Employment Tribunal system is on the road to recovery says Alfred Weiss

July 25, 2019

The Employment Tribunal system is on the road to recovery with access to justice slowly being restored – despite the immediate pressures the courts face, says Alfred Weiss, barrister at Exchange Chambers in Leeds.

Figures released this week by the Advisory, Conciliation and Arbitration Service (Acas), a resolution services body, show the number of people deciding to lodge employment tribunal claims rose by 40% to almost 40,000 over the 12 months to 31 March 2019.

This research comes after the Ministry of Justice published its latest statistics on employment tribunals this month, showing an overall increase of 8% in the caseload outstanding in the first quarter of 2019 compared to the same period in 2018.

According to the Employment Lawyers Association (ELA), the system is struggling to cope with demand with solicitors reporting that employment tribunals are being delayed by months. Over 77% of people who were surveyed by the ELA said that final hearings were being listed over a year after the issue of a claim and more than 66% of respondents said tribunals are taking longer to deal with the service of claims.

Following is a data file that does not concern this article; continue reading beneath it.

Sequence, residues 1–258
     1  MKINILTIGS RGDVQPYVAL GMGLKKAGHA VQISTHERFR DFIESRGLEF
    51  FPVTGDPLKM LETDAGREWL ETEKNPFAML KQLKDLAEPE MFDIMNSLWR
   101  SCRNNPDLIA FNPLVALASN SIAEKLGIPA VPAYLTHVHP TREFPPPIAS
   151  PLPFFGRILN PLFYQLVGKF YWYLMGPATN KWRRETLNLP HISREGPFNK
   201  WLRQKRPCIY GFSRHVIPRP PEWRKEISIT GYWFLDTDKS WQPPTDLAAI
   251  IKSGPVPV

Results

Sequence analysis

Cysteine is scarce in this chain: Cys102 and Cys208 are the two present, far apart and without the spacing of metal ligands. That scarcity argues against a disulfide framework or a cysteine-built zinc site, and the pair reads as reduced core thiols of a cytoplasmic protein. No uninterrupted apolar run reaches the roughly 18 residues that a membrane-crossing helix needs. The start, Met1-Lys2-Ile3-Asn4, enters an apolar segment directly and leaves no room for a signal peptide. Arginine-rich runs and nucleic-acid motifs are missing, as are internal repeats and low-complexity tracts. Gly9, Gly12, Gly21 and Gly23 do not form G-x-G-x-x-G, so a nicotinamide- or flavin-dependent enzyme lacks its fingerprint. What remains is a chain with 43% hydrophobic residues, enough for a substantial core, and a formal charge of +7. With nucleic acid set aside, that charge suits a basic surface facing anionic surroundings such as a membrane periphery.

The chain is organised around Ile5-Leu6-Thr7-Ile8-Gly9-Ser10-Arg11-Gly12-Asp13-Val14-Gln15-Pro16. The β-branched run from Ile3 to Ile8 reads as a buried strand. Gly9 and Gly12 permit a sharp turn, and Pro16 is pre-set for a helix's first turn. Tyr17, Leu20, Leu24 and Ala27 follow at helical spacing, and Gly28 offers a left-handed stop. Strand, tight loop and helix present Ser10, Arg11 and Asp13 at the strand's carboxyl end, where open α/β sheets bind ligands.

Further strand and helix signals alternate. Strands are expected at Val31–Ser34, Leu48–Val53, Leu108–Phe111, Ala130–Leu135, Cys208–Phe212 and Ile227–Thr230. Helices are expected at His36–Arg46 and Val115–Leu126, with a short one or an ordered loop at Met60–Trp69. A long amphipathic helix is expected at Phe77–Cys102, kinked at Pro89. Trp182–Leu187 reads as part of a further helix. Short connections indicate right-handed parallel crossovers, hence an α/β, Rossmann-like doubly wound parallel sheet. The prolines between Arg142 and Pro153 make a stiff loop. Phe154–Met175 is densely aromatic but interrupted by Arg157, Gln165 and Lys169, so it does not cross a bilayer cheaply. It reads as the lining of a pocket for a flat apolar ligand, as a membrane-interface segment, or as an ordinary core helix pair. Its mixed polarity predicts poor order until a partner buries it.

While acknowledging the current difficulties, Alfred Weiss believes there are grounds for optimism.

“The system is creaking somewhat due to the volume of claims,” said Alfred.  “It is taking too long for correspondence to be reviewed by a Judge and too long for final hearings to be listed.

“However, a creaking system is far preferable to the situation prior to the abolition of fees in July 2017, when access to justice was severely curtailed by the unlawful fees regime and the number of cases had dropped off a cliff.

“The recent recruitment exercise of both fee-paid and salaried employment judges should have positive impact on the waiting times we are currently experiencing. Access to justice is slowly but surely being restored.”